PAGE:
Tagged: community

CAUL Publishing-X 2017

CAULPubX2017

Earlier this week we ran the CAUL Publishing-X event at UTS. This is the first time that a number of Australian university library scholarly publishers have combined to run a self-help event like this. As well as library publishers from Adelaide, ANU, Monash, Sydney and UTS universities, we had other participants who generously came to speak and share knowledge from PKP, W3C, tekReader and SOS print+media.

We will be progressively uploading the presentations given to the event’s github site (linked above).

Here’s my summary of the two days:

We heard about what each of the presses do and how they do it. There are several very different approaches but also some similarities and common challenges. I think we established at a working level that there is much valuable experience and wisdom that can and should be shared. How do we best do that now?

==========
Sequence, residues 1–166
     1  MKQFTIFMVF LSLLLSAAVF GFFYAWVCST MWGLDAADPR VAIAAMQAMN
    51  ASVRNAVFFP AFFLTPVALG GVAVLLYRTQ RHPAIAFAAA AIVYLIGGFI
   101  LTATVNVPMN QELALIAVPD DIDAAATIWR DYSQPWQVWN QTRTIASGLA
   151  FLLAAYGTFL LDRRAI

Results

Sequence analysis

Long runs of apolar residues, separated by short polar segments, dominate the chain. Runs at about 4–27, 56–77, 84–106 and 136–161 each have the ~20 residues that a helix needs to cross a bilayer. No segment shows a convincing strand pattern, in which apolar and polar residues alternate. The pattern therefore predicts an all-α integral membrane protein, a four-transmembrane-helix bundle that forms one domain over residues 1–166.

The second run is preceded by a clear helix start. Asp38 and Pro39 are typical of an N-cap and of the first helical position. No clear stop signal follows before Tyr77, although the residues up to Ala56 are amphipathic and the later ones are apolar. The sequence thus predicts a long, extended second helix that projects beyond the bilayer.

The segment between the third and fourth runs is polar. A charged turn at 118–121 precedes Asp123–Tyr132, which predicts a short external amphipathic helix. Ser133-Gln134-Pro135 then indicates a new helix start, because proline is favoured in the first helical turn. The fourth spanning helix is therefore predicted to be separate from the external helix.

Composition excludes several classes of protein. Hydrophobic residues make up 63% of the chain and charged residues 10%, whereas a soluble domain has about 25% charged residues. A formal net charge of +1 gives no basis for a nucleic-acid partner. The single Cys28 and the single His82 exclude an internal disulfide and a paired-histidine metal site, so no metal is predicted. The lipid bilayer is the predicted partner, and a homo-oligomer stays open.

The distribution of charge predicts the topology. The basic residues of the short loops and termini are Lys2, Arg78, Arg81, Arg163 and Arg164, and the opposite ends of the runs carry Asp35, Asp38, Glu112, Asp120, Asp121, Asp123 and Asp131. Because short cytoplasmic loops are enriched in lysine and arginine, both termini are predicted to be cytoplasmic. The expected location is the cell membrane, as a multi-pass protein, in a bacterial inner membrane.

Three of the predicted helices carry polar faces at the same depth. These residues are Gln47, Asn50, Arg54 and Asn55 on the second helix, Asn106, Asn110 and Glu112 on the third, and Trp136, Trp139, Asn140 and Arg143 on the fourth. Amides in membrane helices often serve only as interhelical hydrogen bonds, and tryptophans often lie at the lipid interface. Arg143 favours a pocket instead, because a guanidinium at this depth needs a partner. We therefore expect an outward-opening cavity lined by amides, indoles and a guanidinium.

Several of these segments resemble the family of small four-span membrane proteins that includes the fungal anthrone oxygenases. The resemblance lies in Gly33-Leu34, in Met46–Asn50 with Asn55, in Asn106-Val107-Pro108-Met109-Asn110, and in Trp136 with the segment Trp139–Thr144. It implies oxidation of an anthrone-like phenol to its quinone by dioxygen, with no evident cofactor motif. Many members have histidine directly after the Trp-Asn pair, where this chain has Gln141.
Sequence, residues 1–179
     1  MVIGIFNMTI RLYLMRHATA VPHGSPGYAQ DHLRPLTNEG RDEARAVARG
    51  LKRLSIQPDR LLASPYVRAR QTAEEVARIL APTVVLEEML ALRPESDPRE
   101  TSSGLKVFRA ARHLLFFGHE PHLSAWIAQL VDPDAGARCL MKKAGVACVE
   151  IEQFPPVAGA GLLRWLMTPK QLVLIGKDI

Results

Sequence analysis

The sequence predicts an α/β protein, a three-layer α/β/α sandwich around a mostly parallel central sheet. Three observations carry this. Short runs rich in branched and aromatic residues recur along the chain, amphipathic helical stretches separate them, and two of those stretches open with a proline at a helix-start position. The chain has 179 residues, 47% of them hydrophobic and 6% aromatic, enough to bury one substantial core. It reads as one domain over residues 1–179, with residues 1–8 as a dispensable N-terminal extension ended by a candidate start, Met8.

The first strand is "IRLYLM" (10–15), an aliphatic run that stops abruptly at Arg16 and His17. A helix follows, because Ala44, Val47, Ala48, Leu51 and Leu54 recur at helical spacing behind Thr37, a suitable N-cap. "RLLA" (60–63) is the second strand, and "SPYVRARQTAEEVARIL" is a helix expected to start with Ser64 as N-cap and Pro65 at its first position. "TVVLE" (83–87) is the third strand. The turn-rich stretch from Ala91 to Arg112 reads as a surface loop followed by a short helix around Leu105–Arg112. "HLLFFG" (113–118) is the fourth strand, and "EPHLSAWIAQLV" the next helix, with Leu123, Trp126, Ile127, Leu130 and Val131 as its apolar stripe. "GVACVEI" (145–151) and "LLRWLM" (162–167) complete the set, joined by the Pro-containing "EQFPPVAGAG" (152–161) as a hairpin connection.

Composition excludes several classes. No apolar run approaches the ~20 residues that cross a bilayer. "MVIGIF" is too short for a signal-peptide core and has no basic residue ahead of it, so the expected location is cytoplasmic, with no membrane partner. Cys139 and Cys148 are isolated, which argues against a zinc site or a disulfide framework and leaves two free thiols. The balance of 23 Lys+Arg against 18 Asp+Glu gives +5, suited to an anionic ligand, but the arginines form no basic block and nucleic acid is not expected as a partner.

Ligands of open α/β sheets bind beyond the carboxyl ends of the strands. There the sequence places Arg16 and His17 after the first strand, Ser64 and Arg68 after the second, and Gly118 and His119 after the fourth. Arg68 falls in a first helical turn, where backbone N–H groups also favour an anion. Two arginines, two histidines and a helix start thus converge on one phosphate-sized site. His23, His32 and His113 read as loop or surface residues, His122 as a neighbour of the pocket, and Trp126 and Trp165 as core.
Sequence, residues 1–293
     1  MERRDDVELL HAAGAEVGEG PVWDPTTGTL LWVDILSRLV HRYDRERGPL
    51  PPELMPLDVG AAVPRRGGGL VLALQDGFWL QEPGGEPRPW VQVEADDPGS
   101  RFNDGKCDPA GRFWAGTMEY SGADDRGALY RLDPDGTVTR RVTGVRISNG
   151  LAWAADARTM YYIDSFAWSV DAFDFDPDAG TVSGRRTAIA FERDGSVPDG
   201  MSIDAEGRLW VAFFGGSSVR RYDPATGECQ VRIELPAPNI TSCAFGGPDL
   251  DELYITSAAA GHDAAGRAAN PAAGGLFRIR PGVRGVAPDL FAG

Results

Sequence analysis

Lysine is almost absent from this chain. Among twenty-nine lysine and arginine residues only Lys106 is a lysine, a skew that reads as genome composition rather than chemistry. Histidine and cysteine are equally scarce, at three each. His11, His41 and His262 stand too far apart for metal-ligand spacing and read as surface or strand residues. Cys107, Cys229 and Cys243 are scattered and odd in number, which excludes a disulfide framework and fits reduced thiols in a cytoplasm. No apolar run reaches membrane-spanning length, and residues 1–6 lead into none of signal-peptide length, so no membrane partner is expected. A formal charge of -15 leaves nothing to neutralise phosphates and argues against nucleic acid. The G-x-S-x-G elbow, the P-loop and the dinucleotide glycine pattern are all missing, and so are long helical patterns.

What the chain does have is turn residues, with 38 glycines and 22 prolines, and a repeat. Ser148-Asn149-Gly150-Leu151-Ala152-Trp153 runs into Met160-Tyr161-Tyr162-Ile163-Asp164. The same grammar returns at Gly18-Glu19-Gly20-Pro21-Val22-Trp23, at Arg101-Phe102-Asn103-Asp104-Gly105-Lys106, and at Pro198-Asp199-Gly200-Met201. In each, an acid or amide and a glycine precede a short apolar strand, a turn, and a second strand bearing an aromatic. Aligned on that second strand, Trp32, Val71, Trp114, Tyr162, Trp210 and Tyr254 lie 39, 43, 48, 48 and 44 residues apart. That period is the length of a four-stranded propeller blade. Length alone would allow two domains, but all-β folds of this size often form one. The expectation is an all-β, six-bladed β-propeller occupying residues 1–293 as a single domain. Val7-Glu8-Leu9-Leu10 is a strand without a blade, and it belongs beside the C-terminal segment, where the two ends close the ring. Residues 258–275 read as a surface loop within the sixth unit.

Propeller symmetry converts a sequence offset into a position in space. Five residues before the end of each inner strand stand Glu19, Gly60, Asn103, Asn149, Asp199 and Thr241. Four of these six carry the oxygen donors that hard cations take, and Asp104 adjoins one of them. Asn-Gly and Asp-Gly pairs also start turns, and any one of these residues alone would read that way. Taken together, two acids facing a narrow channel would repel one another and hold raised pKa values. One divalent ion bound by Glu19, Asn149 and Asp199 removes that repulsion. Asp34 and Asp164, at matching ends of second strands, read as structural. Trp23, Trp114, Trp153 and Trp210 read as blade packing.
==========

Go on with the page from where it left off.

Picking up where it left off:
We had several updates and technical workshop demonstrations from the likes of PKP, Sydney University Press (re IGP) and from the tekReader folks. UTS ePRESS staff provided a revealing review of the process of accreditation (with COPE, DOAJ and OASPA) covering the basics and benefits of this. 

There were two important and revealing environmental scans/updates: on developments in Open Access (from Scott Abbott) and future trends and issues in content technologies, web development & apps and portable web publishing technology from David Wood representing W3C. 

We were appraised on some very realistic solutions to common issues by the people from eGloo and SOS. And we heard and saw some very inspiring things from Fiona Salisbury of La Trobe University re OER publications and from Michael Schultz (SOS) and Zoë Sadokierski (UTS) re the new capabilities of digital printing and print-on-demand services. These presentations were all impressive and should result in all of us doing better things with online and open access scholarly publishing. 

Hopefully there was something for everyone and I was really happy with the voluntary input from our relatively small community of scholarly publishers and our partners.